Australian entrepreneur Craig Wright has publicly identified himself as Bitcoin creator Satoshi Nakamoto.
His admission ends years of speculation about who came up with the original ideas underlying the digital cash system.
Mr Wright has provided technical proof to back up his claim using coins known to be owned by Bitcoin’s creator.
Prominent members of the Bitcoin community and its core development team have also confirmed Mr Wright’s claim.
Mr Wright has revealed his identity to three media organisations the BBC, the Economist and GQ.
At the meeting with the BBC, Mr Wright digitally signed messages using cryptographic keys created during the early days of Bitcoin’s development. The keys are inextricably linked to blocks of bitcoins known to have been created or “mined” by Satoshi Nakamoto.
Dorian Satoshi Nakamoto was wrongly identified as the inventor of Bitcoin in 2014
“These are the blocks used to send 10 bitcoins to Hal Finney in January  as the first bitcoin transaction,” said Mr Wright during his demonstration.
Renowned cryptographer Hal Finney was one of the engineers who helped turn Mr Wright’s ideas into the Bitcoin protocol, he said.
“I was the main part of it, but other people helped me,” he said.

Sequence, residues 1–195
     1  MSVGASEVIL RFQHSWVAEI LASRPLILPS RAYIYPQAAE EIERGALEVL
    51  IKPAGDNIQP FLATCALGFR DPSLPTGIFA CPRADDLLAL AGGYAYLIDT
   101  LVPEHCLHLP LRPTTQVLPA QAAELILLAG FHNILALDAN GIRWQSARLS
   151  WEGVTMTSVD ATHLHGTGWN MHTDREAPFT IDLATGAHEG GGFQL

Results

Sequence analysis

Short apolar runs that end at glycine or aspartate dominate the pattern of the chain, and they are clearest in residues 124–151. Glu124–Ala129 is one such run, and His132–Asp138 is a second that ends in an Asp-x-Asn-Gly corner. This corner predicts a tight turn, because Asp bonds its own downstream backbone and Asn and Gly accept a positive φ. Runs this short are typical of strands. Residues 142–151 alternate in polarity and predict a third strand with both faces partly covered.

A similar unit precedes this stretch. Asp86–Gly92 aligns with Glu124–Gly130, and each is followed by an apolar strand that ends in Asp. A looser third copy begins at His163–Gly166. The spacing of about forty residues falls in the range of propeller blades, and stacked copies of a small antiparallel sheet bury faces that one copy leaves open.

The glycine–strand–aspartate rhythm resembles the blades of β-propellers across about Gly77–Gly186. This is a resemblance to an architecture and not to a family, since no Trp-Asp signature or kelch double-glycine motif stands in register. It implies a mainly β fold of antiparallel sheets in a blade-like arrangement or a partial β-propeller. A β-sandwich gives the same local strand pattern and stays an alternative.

Mr Wright said he planned to
to cryptographically verify that he is Satoshi Nakamoto.
Soon after Mr Wright went public, Gavin Andresen, chief scientist at the Bitcoin Foundation, published a blog backing his claim.
“I believe Craig Steven Wright is the person who invented Bitcoin,” .
Jon Matonis, an economist and one of the founding directors of the Bitcoin Foundation, said he was convinced that Mr Wright was who he claimed to be.
“During the London proof sessions, I had the opportunity to review the relevant data along three distinct lines: cryptographic, social, and technical,” he said.
“It is my firm belief that Craig Wright satisfies all three categories.”
Not everyone has been convinced by Mr Wright’s claims and technical proofs. In its article about Mr Wright, The Economist said “important questions remain” about whether he was Satoshi Nakamoto.
In addition, many people involved in bitcoin have taken to social media to express their doubts and have called for further proof.
Some crytographers and developers who worked through the information provided said they had trouble getting verifiable information out of it.
Security expert Dan Kaminsky said the procedure was almost “maliciously resistant” to validation.